#include "SDL.h"#include "SDL_opengl.h"int main(int, char*[]){    SDL_Init(SDL_INIT_EVERYTHING);    SDL_GL_SetAttribute(SDL_GL_DEPTH_SIZE, 16);    SDL_SetVideoMode(400, 400, 0, SDL_OPENGL);    glEnable(GL_DEPTH_TEST);    bool quit = false;    while (!quit) {        SDL_Event event;        while (SDL_PollEvent(&event)) {            if (event.type == SDL_QUIT) {                quit = true;            }        }        glClear(GL_COLOR_BUFFER_BIT | GL_DEPTH_BUFFER_BIT);        glColor3f(1, 0, 0);        glBegin(GL_TRIANGLES);        glVertex3f(-.75, .25, .5);   glVertex3f(.75, 0, .5);  glVertex3f(-.75, -.25, .5);        glColor3f(0, 1, 0);        glVertex3f(-.25, -.75, .75); glVertex3f(0, .75, .75); glVertex3f(.25, -.75, .75);        glEnd();        SDL_GL_SwapBuffers();    }    SDL_Quit();    return 0;}

All transforms are left at identity. A red triangle is drawn at z = .5, and a green triangle is drawn at z = .75. Here's the output:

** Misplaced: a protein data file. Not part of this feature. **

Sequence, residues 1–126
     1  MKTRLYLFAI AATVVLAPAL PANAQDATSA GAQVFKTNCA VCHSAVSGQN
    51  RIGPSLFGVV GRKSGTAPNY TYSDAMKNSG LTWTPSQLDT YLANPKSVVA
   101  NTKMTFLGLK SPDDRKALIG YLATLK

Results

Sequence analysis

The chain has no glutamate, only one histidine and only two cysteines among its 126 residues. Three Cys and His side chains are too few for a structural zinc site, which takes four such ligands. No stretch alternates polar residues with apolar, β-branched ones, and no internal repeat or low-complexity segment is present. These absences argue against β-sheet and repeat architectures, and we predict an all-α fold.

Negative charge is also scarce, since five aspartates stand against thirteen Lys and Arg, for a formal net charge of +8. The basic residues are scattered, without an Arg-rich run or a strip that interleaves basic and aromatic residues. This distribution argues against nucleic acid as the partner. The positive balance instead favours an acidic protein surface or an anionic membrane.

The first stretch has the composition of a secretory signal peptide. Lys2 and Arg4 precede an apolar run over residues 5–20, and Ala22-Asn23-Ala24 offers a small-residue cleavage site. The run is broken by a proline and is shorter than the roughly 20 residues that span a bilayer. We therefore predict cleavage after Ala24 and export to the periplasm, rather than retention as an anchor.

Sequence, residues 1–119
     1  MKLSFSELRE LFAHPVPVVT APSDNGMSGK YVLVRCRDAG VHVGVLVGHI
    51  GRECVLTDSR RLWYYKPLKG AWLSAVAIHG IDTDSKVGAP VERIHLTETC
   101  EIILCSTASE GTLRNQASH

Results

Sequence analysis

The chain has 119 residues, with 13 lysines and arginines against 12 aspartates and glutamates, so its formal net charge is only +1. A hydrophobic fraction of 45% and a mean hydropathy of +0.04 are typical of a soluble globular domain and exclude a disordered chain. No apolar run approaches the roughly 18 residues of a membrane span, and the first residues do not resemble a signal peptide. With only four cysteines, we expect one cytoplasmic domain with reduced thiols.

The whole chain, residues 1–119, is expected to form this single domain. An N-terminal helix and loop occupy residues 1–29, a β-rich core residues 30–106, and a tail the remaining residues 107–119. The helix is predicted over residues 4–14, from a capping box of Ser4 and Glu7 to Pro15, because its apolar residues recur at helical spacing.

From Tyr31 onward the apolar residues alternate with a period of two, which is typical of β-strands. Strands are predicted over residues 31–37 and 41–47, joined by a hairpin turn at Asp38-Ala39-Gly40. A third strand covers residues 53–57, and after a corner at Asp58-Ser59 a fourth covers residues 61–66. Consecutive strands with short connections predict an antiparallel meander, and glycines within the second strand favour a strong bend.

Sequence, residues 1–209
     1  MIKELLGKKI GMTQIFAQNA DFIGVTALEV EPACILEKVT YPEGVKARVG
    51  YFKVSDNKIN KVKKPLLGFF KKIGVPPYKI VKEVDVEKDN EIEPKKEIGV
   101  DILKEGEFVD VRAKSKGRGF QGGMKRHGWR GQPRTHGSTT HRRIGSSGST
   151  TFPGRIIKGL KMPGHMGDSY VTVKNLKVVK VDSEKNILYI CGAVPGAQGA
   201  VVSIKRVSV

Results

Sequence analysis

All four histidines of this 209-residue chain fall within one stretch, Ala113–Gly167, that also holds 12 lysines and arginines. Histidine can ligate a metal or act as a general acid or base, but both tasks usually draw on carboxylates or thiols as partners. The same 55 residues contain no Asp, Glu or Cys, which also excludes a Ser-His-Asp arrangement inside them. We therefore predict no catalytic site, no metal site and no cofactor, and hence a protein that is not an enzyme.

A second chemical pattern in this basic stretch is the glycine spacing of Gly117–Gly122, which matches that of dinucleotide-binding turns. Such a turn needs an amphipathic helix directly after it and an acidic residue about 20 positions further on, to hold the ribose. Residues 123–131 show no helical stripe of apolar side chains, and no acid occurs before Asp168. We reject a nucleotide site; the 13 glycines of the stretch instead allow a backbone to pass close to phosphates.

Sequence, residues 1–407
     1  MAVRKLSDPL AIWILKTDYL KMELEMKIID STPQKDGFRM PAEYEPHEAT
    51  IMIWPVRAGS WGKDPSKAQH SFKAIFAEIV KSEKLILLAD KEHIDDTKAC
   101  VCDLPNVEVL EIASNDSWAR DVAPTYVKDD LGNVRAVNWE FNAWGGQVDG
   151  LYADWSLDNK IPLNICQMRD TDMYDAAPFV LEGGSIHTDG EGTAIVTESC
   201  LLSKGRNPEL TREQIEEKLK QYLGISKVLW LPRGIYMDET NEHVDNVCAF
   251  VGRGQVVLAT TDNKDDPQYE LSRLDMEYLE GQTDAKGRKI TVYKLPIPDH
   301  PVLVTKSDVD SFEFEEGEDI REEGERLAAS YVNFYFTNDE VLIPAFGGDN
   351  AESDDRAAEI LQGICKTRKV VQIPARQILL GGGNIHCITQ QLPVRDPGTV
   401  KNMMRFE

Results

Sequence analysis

Note that the red triangle is in front of the green one, which would seem to suggest that z is increasing away from the viewer. In other words, the coordinate system in this example is left-handed.

So, that's the empirical (assuming the example isn't flawed in some way), but let's go ahead and look at the theoretical.

In OpenGL, normalized device coordinates are left-handed. Obviously just because it says so on the internet somewhere doesn't make it true, but for what it's worth, it's stated here that the NDCS is left-handed.

Now, if all transforms are left at identity, after the projection transform, all vertices will have a w value of 1; therefore, the division by w can be disregarded.

What we are left with is that all vertices are passed unchanged (except for clipping) to NDC space, which is left-handed. So if anything, it seems to me that if OpenGL has an 'inherent handedness', it would be left-handed, not right-handed.